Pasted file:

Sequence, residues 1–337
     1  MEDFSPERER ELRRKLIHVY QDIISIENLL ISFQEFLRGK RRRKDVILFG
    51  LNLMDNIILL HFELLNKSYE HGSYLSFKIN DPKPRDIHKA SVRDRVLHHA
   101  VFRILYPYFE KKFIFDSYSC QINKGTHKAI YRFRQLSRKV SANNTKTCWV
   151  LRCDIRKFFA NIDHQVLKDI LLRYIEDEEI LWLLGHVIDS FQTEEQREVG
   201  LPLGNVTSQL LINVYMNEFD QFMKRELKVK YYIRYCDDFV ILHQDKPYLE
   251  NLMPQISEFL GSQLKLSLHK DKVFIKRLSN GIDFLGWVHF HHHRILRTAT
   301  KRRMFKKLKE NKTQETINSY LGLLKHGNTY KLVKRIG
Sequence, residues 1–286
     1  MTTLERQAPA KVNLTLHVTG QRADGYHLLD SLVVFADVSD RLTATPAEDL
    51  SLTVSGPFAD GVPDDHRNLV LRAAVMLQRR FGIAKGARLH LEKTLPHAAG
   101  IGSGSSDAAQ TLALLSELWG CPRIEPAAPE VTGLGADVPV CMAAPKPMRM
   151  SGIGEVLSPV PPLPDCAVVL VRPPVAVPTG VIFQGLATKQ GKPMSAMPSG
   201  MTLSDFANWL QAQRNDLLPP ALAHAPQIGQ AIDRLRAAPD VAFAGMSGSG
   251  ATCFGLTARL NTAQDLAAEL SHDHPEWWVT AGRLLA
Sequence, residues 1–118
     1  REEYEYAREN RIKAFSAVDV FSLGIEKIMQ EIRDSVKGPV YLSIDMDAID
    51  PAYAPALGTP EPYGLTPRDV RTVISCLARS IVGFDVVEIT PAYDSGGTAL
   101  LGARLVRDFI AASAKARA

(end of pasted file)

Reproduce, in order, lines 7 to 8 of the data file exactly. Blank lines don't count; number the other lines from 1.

   251  NLMPQISEFL GSQLKLSLHK DKVFIKRLSN GIDFLGWVHF HHHRILRTAT
   301  KRRMFKKLKE NKTQETINSY LGLLKHGNTY KLVKRIG